Listen and Forgive.


Yet have regard to the prayer of your servant and to his plea, O Lord my God, listening to the cry and to the prayer that your servant prays before you this day, that your eyes may be open night and day toward this house, the place of which you have said, “My name shall be there,” that you may listen to the prayer that your servant offers toward this place. And listen to the plea of your servant and of your people Israel, when they pray toward this place. And listen in heaven your dwelling place, and when you hear, forgive. – 1 Kings 8:28-30 ESV

1 Kings 8:22-53

While Solomon was well aware of the fact that the great temple he had just finished constructing was insufficient to contain God, he was counting on God’s promise that His name would be there. God had told David, Solomon’s father, “Behold, a son shall be born to you who shall be a man of rest. I will give him rest from all his surrounding enemies. For his name shall be Solomon, and I will give peace and quiet to Israel in his days. He shall build a house for my name. He shall be my son, and I will be his father, and I will establish his royal throne in Israel forever” (1 Chronicles 22:9-10 ESV). The temple was to be built as a sort of monument to the character and nature of God. It’s beauty, richness, elaborate architectural detail and design were all intended to reflect the nature of God. It’s sole purpose was for making sacrifice and receiving forgiveness. It was a tribute to the holiness, mercy, love and forgiveness of God.

So Solomon appealed to God to hear his prayer. He knew that, without God’s presence, the building he had just had constructed would be nothing. It would be powerless to assist the Israelites in their times of need. After all, it was just a building. It was nothing more than a symbol of God’s power, mercy, and love. It could not save them. If God did not show up and hear the prayers and accept the sacrifices they offered up, they were doomed. Which is why Solomon asked “that your eyes may be open night and day toward this house.” The temple was to be the place where they came to meet with God. It was where they would make their annual sacrifice of atonement to God in the hopes of receiving forgiveness for their sins. So it was essential that God see them and constantly be aware of their circumstances, as well as hear them when they cried out to Him.

Solomon knew full well that God was not going to take up residence in the temple. His dwelling place was in heaven. But he believed that God had chosen the people of Israel as His special possession. He had set them apart as His own and had determined to reveal His power and presence to them and through them. They were nothing without God. In fact, the only thing that set them apart as a people was their relationship with God. “For you are a people holy to the Lord your God. The Lord your God has chosen you to be a people for his treasured possession, out of all the peoples who are on the face of the earth. It was not because you were more in number than any other people that the Lord set his love on you and chose you, for you were the fewest of all peoples, but it is because the Lord loves you and is keeping the oath that he swore to your fathers, that the Lord has brought you out with a mighty hand and redeemed you from the house of slavery, from the hand of Pharaoh king of Egypt” (Deuteronomy 7:6-8 ESV). God had chosen them, not the other way around. Their very existence as a nation was due to God’s mercy and love. But Solomon knew that while God had been consistently faithful to them over the years, they had proven to be incredibly and repeatedly unfaithful in return. Which is why the sacrificial system was so essential. It was also why the temple was so important. Solomon was asking God to hear and forgive. He knew that the forgiveness of God was critical to their ongoing existence as a people. They were going to sin. It was inevitable. As a result, they would be required to bring their sacrifices and offer their prayers of confession and repentance. But if God did not hear them, they would be doomed. They would fall under His wrath and judgment. So Solomon appealed to God based on His character. He prayed based on God’s promises. His request was for future forgiveness. While they were obviously enjoying God’s blessings at that moment, all of that could change in a heartbeat if the people disobeyed God by breaking His laws. And Solomon knew that was inevitable and unavoidable. It would prove to be true in his own life. So he begged God to listen to their prayers of confession and contrition and honor their pleas of repentance with His forgiveness.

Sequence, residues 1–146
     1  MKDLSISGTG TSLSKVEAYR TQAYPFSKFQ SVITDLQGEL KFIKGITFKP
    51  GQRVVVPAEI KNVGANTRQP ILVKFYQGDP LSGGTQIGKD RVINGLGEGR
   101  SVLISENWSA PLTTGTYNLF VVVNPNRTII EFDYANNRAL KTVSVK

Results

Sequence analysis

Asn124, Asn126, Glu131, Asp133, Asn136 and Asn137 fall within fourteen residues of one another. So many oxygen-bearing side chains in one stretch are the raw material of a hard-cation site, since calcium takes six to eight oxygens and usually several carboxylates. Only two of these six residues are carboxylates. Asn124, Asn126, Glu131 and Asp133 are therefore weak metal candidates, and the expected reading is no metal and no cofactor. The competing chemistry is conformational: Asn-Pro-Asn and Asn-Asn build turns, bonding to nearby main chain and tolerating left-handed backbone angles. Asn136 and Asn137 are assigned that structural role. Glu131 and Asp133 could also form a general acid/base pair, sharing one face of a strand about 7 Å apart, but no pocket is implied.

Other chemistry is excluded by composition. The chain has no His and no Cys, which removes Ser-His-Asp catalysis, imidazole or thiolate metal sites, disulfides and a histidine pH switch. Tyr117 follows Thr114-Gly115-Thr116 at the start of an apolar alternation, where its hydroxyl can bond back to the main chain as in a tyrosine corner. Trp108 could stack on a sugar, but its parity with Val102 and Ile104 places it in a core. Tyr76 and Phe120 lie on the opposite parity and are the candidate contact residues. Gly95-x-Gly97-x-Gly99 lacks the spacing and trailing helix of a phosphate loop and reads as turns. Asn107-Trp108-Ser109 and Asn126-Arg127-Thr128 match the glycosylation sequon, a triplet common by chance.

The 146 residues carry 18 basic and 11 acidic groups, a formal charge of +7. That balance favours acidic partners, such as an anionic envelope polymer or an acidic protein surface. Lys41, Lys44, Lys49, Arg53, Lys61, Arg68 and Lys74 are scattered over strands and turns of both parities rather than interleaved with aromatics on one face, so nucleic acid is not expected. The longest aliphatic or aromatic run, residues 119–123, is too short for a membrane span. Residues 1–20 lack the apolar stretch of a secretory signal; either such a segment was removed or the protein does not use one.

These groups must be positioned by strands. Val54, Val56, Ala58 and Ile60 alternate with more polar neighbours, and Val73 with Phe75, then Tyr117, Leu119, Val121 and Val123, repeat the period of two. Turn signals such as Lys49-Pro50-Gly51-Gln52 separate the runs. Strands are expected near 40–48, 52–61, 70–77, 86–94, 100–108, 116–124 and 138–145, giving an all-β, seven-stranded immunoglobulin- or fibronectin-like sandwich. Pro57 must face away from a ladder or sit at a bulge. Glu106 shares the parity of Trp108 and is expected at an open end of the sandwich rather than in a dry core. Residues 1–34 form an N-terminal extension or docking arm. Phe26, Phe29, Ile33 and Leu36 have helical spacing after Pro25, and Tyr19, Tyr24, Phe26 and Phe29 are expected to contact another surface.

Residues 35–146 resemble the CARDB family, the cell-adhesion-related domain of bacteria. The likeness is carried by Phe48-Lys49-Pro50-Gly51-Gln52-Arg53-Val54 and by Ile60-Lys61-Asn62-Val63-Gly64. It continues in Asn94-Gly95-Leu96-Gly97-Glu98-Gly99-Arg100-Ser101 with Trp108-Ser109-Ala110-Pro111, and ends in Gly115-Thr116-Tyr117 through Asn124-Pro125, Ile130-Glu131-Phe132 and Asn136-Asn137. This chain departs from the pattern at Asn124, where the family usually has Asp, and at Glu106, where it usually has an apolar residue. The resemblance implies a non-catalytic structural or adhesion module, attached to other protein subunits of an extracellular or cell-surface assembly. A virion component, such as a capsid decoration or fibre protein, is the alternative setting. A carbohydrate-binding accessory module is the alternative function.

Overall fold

Solomon did not take the forgiveness of God for granted. He did not treat it lightly. But we do. We have grown so accustomed to the idea that all our sins are forgiven in Christ, that we no longer feel the need to own up to them or confess them. The apostle John reminds us, “If we confess our sins, he is faithful and just to forgive us our sins and to cleanse us from all unrighteousness” (1 John 1:9 ESV). Our forgiveness is a done deal. Jesus Christ has provided forgiveness for all our sins – past, present, and future – through His death on the cross. But that does not mean that we can sin at will and without any sense of remorse or expression of repentance. Our sin is still an affront to a holy God. We have His forgiveness available to us, but we must acknowledge our sin and confess it to God. Solomon valued the forgiveness of God. He built an entire structure just for the purpose of securing that forgiveness. God has given us His Son. We don’t have to build or sacrifice anything. All we need to do is confess. And God will forgive and cleanse us from all unrighteousness. Amazing, but also amazingly easy to take for granted.

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